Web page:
PARIAH-ARRACK to PASEI
PARIAH-ARRACK, s. In the 17th and 18th centuries this was a name commonly given to the poisonous native spirit commonly sold to European soldiers and sailors. [See FOOLS RACK.]
167172.The unwholesome liquor called Parrier-arrack. Sir W. Langhorne, in Wheeler, iii. 422.
PARIAH-DOG, s. The common ownerless yellow dog, that frequents all inhabited places in the East, is universally so called by Europeans, no doubt from being a low-bred casteless animal; often elliptically pariah only.
1789. A species of the common cur, called a pariar-dog.Munro, Narr. p. 36.
PARIAH-KITE, s. The commonest Indian kite, Milvus Govinda, Sykes, notable for its great numbers, and its impudence. They are excessively bold and fearless, often snatching morsels off a dish en route from kitchen to hall, and even, according to Adams, seizing a fragment from a mans very mouth (Jerdon). Compare quotation under BRAHMINY KITE.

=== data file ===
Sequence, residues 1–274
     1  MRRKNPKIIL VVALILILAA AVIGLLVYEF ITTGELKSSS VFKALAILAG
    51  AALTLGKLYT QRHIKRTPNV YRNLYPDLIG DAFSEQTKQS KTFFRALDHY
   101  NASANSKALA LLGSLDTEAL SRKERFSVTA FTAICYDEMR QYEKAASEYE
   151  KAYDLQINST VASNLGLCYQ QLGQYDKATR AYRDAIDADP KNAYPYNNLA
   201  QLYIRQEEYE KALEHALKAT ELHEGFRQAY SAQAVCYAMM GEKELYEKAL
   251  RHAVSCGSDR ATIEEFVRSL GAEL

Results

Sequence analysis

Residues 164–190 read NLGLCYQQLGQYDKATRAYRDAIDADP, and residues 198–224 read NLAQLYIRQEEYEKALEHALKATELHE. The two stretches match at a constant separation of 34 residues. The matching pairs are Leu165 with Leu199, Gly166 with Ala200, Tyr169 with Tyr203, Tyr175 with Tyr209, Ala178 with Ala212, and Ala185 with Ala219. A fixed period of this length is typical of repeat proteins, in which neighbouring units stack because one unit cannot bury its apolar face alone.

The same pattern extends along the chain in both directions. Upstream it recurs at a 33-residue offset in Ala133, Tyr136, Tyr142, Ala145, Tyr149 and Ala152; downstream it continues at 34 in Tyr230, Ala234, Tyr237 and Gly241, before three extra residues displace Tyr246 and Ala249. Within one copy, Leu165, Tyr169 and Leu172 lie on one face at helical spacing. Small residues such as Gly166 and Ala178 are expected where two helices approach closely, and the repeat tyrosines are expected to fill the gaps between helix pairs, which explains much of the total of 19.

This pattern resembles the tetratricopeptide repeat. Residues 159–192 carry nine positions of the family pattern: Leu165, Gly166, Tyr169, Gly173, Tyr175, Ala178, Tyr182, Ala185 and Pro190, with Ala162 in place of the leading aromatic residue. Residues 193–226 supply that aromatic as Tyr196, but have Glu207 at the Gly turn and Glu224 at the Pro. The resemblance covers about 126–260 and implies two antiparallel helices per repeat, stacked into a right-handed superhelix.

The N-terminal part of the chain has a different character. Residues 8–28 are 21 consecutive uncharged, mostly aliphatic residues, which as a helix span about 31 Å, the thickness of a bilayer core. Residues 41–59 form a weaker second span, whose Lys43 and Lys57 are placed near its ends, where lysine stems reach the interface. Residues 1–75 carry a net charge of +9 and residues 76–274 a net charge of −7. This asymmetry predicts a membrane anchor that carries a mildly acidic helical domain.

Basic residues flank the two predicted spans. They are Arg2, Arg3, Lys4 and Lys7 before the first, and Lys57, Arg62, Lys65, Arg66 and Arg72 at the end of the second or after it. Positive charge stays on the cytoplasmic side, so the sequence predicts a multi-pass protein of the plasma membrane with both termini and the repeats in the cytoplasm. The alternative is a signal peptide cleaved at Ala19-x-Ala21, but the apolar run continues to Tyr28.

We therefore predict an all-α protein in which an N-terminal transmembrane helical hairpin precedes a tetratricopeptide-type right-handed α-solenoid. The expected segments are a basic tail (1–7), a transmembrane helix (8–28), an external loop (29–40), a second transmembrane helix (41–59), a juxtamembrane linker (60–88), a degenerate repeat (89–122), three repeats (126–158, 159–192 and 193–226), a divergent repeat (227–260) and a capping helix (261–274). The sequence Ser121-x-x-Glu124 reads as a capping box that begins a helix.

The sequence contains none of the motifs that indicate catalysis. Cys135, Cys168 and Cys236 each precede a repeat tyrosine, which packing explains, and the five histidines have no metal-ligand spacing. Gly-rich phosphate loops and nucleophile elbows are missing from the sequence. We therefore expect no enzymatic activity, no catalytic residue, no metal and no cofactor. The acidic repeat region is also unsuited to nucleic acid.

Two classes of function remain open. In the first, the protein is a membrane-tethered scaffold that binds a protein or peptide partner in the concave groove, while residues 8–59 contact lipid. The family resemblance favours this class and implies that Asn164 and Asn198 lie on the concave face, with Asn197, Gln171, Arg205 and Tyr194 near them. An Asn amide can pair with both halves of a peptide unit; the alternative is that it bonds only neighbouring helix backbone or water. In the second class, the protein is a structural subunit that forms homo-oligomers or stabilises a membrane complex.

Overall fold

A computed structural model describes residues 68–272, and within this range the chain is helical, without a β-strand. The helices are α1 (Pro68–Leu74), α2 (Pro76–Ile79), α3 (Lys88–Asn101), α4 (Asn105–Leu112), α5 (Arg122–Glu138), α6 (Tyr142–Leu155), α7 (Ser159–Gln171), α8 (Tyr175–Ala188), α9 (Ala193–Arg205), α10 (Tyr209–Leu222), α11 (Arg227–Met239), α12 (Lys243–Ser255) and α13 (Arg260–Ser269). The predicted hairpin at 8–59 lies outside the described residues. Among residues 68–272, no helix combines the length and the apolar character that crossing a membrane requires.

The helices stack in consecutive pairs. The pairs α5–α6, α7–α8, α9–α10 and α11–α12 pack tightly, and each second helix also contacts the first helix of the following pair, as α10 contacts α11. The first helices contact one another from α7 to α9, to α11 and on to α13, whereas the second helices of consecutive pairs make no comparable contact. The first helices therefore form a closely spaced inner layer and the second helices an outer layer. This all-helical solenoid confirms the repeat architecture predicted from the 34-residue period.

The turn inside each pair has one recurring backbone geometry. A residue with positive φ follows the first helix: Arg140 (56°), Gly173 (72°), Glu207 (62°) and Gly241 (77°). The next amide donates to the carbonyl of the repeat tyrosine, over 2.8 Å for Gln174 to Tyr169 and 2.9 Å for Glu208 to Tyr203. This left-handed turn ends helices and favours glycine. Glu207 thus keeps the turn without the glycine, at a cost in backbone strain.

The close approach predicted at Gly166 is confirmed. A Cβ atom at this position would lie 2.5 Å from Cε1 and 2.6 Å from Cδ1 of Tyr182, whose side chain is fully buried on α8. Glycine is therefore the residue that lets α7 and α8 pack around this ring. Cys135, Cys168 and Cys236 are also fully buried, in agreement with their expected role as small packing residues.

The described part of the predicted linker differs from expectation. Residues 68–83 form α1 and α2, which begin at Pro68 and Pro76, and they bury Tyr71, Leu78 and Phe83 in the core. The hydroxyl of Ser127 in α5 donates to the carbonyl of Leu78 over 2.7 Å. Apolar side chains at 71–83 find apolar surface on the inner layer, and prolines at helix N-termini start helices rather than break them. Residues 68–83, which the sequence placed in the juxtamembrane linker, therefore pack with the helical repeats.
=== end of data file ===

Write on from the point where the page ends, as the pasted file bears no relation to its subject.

[1880.I had often supposed that the scavenger or Pariah Kites (Milvus govinda), which though generally to be seen about the tents, are not common in the jungles, must follow the camp for long distances, and today I had evidence that such was the case. Ball, Jungle Life, 655.]
PARSEE, n.p. This name, which distinguishes the descendants of those emigrants of the old Persian
stock, who left their native country, and, retaining their Zoroastrian religion, settled in India to avoid Mahommedan
persecution, is only the old form of the word for a Persian, viz., Parsi, which Arabic influences have
in more modern times converted into Farsi. The Portuguese have used both Parseo and Perseo.
From the latter some of our old travellers have taken the form Persee; from the former doubtless we
got Parsee. It is a curious example of the way in which different accidental mouldings of the same word
come to denote entirely different ideas, that Persian, in this form, in Western India, means a Zoroastrian
fire-worshipper, whilst Pathi (see PANTHAY), a Burmese corruption of the same word, in Burma means
a Mahommedan. c. 1328.There be also other pagan-folk in this India who worship fire; they bury
not their dead, neither do they burn them, but cast them into the midst of a certain roofless tower, and
there expose them totally uncovered to the fowls of heaven. These believe in two First Principles, to wit,
of Evil and of Good, of Darkness and of Light.Friar Jordanus, 21.
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